Aphelion Issue 244, Volume 23
October 2019
 
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The Bear

by Mari Ness


She knew him first as beast,
as roughened fur and sharpened claw;
she stood unmoving as he slashed her dress;
she said nothing in his battered hall.

Shine the candle, shine, my dear,
and will your true love to appear.

They later told, her sisters two
of plates of gold and silver lace
of silk and satin, of fairy food
of softened life, of leisured pace

But roughened fur was all she knew
until the darkness seized the hall,
until the lights were quite shut out;
until she felt his roughened skin.

Shine the candle, shine, my dear.
Do not these memories revere.

And ah! the nights! She whispered them
to herself each morn, the hidden words
that rustled in the battered hall
the fevered, flustered, fervent sighs –

The wonder in his darkened eyes
Unseen but felt within the night
As, kissing his most tender lips
She found magic in their lack of sight.

Shine the candle, shine, my dear.
The moment draws so near, so near

"Magic means wealth," a sister said
smiling, charming, laughing, light.
"And wealth means magic. Learn his spell -
And in this hall all will be well."

"But I have no magic arts," she said.
"Only the knowledge of his hands,
Only the knowledge of his voice,
And nothing else. In day or night."

Shine the candle, shine. My dear -
Do you not feel it? Can’t you hear?

"Take this candle. Burn it well.
And bring it towards your husband’s cell.
In its light you will see true:
And in true marriage found, he will love you."

She shivered, and glanced about the hall
Graced by deadened grass and aged wood
And felt her husband's fingers tight
Upon her hands. She bowed her head.

Shine the candle, shine, my dear.
Though wax will to your hands adhere.

And took the candle. A sister's kiss,
and they were gone. She waited
and looked to the sky. A hunter's moon
captured her eyes. The wax stuck to her skin.

Hearing the rustled footsteps of a bear,
she trembled, and pulled off her dress
Placing it over the candle. She waited,
And naked, embraced his roughened fur.

Shine the candle, shine, my dear.
Come quickly, now. He rests right here

.They tumbled to the roughened floor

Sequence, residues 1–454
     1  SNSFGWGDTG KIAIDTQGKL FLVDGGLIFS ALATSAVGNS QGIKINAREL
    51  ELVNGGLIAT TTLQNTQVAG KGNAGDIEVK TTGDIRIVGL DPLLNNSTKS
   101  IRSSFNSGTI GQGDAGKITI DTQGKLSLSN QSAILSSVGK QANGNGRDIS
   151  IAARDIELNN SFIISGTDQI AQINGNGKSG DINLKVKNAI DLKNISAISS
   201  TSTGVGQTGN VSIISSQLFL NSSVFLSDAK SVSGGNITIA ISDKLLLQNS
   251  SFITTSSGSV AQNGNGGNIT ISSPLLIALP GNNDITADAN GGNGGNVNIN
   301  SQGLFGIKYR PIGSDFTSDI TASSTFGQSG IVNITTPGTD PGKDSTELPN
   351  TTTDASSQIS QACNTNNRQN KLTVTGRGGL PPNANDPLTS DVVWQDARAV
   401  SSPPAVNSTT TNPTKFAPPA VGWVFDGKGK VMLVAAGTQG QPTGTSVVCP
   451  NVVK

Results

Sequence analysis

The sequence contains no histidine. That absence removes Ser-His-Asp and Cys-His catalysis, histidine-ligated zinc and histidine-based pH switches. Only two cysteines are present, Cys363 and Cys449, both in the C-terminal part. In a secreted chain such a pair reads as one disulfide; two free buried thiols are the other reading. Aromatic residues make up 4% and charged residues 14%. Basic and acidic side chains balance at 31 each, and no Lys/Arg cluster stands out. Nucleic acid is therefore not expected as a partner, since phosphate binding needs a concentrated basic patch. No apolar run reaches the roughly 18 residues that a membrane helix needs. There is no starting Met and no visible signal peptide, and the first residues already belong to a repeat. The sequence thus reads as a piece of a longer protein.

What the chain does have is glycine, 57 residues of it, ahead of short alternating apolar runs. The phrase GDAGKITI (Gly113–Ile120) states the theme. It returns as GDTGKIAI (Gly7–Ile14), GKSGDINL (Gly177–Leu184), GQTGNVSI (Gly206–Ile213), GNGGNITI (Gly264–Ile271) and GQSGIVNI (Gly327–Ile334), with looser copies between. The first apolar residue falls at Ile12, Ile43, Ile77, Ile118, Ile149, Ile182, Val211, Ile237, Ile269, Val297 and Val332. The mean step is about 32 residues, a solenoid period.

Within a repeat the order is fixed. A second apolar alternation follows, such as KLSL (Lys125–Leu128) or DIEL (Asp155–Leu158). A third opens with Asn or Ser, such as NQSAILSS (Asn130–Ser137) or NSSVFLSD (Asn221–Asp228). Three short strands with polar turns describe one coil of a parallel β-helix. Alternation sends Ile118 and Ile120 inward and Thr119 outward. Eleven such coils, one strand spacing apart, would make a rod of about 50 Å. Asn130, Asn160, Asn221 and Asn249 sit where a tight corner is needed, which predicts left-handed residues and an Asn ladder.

As night caught them. An owl cried.
She flinched, and grabbed his roughened hands
And hid her face upon his chest.

"I killed today," he whispered then.
"I killed." Her body trembled, shook.
"A rabbit. Small, with whitened fur.
You shall have meat and gloves quite soon."

Shine the candle, shine, my dear.
The owl cries! Do you not hear?

Night trapped them tight. They slept.
The owl cried a second time. She rose,
and tumbled to her dress,
And grabbed the candle lying there.

She breathed, and then, the candle lit
turned to his naked sleeping form.
She moved the candle over him.
She looked into his blooded face.

Shine the candle, shine, my dear.
You cannot wait. You cannot veer

Morning crept in on tired feet.
Her sisters followed, laughing loud
And all her cold and trembled sighs
Could not hide the blood upon her hands.

"You found his spells!" they gladly cried.
"And now the wealth! Share it, sister, do!
For always, we have ever tried
to bring our love alive in you."

Shine the candle, shine, my dear.
Let dancing shadows seize your fear

She stood there with her bloodied hands
Laughter almost choked her throat.
"His wealth is of a splendid kind
Wrapt in fur and owl's blood."

They laughed. They tittered, sisters two
And held her close. "Tell us, do.
What gold is kept in owl's blood?"
Do not say his gold turned into mud!"

Shine the candle, shine, my dear.
Do not display a single tear

"That was not my tale," she coldly said.
"And now I go, to find my love,
To take him beneath an owl's flight.
And hold him, caught, in darkness."

One sister laughed. The other smiled,
And told tales of splendors dark and bright
But she did not hear, her mind still caught
In roughened fur and rabbit's blood.

Shine the candle, shine, my dear
And will your true love to appear


© 2005, 2007 Mari Ness

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